Among chronic diseases, patients with diabetes mellitus, whether type 1 or type 2, do not appear different from others and can lead a regular life in society, However, diabetes is characterized by the need for the individual to manage the disease by him- or herself with regular, ongoing dietary efforts and exercise regimens in daily life that must be followed to a certain degree continuously, and for which the individual must take responsibility, throughout nearly their entire life, under unending medication or insulin treatments. The individual’s regular self-management of the disease is evaluated based on measurements of blood glucose and hemoglobin A1c (HbA1c) levels and the values related to lipid metabolism when the individual is examined at the medical institution. Weight and blood pressure measurements are also part of the evaluation. If a poor evaluation continues for many years, diabetes complications with a huge impact on quality of life may develop.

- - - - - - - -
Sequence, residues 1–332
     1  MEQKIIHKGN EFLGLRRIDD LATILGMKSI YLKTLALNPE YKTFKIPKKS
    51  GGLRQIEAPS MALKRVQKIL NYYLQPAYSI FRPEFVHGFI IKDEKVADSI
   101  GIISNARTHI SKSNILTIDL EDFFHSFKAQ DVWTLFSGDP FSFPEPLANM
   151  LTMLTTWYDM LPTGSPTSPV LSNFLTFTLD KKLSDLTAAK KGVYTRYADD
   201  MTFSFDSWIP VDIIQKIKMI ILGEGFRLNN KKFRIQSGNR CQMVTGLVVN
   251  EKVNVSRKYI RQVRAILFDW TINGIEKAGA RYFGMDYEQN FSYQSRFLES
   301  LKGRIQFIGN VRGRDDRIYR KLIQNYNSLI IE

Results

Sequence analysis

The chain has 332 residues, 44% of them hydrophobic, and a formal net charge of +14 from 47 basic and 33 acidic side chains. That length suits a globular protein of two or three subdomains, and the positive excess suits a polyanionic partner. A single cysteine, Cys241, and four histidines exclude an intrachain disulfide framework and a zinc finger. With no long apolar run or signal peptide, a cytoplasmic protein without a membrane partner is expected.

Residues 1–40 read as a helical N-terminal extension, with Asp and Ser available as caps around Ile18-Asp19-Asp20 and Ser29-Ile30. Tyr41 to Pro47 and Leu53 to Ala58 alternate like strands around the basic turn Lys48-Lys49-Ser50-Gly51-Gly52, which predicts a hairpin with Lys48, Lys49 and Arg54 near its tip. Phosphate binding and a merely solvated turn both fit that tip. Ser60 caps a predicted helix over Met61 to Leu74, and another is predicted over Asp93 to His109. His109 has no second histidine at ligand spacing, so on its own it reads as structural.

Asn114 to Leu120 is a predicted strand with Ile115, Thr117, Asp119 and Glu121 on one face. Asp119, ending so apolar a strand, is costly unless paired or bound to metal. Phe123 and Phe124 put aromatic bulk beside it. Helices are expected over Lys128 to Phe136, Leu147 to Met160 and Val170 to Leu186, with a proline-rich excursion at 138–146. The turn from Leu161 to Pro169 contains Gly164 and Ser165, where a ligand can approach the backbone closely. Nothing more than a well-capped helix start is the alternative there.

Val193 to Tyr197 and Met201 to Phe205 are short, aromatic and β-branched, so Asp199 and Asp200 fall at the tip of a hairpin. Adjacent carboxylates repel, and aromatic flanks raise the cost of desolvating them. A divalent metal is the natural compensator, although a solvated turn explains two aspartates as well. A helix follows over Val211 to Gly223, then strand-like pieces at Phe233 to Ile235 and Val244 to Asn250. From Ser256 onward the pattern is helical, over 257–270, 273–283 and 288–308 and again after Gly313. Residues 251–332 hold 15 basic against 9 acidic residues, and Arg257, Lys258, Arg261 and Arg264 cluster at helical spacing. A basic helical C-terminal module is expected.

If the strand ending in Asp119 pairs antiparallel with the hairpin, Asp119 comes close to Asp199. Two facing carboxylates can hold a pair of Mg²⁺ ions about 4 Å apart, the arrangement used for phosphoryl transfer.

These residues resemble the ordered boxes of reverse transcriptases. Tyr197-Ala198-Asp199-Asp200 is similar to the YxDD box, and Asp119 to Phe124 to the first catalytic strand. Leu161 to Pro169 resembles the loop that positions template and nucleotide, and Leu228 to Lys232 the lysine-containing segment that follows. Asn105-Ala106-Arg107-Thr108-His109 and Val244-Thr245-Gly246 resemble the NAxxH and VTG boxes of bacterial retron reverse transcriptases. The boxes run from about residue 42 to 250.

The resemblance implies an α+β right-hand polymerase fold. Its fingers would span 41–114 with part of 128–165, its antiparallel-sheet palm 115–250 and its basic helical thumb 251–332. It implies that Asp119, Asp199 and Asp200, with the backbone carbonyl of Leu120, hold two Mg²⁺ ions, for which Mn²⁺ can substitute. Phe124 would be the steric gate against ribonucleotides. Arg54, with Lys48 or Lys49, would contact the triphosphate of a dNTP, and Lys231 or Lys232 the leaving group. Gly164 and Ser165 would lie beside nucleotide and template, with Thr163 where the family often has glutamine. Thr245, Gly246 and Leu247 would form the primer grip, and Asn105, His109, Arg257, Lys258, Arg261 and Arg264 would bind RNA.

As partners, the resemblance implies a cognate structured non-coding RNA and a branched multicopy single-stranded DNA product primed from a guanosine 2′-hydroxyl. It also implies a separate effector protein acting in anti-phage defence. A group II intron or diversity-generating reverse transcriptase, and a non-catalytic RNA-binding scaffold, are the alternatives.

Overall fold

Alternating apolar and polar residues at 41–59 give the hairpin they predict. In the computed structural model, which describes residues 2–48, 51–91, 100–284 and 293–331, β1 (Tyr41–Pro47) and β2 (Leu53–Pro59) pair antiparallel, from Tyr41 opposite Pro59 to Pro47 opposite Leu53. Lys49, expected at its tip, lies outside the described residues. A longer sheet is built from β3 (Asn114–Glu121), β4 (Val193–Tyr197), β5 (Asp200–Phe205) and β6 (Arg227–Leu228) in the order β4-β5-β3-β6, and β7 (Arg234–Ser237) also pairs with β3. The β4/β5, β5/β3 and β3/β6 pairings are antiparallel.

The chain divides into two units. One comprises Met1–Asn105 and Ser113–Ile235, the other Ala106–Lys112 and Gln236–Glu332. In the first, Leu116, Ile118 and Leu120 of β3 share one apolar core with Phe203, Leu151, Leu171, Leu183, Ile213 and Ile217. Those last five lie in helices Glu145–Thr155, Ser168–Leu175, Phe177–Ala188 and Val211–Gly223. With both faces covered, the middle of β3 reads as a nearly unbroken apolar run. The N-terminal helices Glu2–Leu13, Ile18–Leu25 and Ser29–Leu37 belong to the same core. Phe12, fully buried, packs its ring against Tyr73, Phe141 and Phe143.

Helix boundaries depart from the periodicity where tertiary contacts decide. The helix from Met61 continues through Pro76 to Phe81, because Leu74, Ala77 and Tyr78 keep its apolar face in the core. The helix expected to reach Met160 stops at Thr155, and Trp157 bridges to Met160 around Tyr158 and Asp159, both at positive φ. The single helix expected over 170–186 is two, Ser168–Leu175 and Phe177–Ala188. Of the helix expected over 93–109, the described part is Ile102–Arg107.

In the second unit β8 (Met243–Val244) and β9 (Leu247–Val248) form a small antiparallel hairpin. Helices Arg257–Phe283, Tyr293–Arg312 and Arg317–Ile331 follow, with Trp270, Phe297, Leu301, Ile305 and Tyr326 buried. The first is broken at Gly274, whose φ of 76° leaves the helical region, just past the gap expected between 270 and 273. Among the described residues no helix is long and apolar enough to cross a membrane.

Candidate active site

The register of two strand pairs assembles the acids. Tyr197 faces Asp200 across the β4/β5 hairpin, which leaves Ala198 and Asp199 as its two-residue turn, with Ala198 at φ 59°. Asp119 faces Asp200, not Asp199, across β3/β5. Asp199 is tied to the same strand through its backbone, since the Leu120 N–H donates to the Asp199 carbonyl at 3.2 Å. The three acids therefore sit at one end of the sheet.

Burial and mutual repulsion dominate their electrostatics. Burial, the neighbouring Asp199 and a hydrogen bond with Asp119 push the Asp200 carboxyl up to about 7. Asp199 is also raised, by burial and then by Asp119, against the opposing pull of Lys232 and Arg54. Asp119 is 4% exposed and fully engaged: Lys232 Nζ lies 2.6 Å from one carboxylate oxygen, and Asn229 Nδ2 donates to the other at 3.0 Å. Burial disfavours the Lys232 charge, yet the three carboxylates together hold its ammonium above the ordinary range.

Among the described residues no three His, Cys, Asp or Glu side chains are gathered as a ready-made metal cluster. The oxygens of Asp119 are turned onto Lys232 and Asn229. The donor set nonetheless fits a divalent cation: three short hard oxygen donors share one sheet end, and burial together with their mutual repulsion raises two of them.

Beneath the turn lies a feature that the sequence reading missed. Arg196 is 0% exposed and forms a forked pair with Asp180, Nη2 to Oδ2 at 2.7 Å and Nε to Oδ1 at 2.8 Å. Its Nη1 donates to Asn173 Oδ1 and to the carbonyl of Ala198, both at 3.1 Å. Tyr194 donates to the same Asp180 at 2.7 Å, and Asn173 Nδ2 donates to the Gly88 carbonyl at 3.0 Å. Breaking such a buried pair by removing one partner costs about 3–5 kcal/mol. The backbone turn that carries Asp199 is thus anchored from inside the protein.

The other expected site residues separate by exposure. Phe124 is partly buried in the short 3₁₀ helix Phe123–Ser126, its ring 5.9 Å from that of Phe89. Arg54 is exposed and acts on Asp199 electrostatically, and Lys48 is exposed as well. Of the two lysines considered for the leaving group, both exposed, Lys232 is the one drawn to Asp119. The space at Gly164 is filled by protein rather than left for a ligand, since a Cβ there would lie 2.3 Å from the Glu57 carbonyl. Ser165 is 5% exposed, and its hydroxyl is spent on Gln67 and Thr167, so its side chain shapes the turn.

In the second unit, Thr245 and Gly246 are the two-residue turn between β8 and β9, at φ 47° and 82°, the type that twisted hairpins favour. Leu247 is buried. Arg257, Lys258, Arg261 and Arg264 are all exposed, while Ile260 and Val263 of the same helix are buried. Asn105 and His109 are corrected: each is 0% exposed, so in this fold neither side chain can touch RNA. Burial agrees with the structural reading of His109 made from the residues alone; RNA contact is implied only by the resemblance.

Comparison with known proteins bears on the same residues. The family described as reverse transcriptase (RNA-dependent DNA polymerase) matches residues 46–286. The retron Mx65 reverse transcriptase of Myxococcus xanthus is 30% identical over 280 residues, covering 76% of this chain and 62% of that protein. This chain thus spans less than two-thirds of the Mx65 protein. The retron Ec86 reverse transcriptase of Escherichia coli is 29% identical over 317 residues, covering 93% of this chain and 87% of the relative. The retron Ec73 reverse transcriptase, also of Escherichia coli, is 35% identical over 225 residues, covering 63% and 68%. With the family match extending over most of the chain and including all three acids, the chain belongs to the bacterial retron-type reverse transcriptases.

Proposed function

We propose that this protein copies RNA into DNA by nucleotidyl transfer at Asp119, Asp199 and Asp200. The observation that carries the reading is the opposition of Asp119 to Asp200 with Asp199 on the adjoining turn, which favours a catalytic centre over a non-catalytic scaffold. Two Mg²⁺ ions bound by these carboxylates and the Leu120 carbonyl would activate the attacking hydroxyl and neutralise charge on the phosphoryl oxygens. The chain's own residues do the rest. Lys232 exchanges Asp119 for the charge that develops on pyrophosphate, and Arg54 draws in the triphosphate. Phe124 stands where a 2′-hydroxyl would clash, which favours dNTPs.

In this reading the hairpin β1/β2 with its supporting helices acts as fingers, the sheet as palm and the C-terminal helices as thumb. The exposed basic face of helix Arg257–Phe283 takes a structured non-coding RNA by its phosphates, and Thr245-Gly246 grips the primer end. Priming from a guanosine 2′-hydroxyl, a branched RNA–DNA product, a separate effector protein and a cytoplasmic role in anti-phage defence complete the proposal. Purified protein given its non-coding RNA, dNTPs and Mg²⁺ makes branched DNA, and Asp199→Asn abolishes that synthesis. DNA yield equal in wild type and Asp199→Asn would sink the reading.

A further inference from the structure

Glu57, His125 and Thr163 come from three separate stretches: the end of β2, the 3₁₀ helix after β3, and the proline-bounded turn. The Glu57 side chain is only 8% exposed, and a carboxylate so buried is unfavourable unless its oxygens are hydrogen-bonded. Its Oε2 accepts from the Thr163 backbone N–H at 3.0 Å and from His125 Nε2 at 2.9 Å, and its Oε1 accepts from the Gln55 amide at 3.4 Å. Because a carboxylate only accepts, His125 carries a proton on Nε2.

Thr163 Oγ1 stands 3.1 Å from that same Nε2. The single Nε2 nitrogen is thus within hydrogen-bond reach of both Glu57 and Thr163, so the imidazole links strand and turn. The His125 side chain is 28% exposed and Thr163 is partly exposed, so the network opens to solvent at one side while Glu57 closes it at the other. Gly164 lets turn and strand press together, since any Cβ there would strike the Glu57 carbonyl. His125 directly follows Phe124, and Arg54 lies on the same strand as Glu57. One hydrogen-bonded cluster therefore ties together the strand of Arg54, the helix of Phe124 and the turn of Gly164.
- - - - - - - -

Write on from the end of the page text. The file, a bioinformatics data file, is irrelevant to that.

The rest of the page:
Type 1 diabetes, in which insulin injections are essential, may be seen as a prime example of this described above. No one can be blamed for the onset of type 1 diabetes, which in most cases is explained by the autoimmune mechanisms of the individual. Insulin therapy is started from the time the disease develops. The individual is given an explanation about standard treatment and how blood glucose levels are affected by diet and exercise as well as ways for dealing with those effects, together with standard, textbook insulin therapy. This is done mainly during inpatient treatment. Then, after leaving the hospital, each patient with diabetes, through trial and error, develops his or her own ability to manage glycemic control in his or her own daily life. This is the same whether the insulin therapy is done with multiple injections or with pump therapy.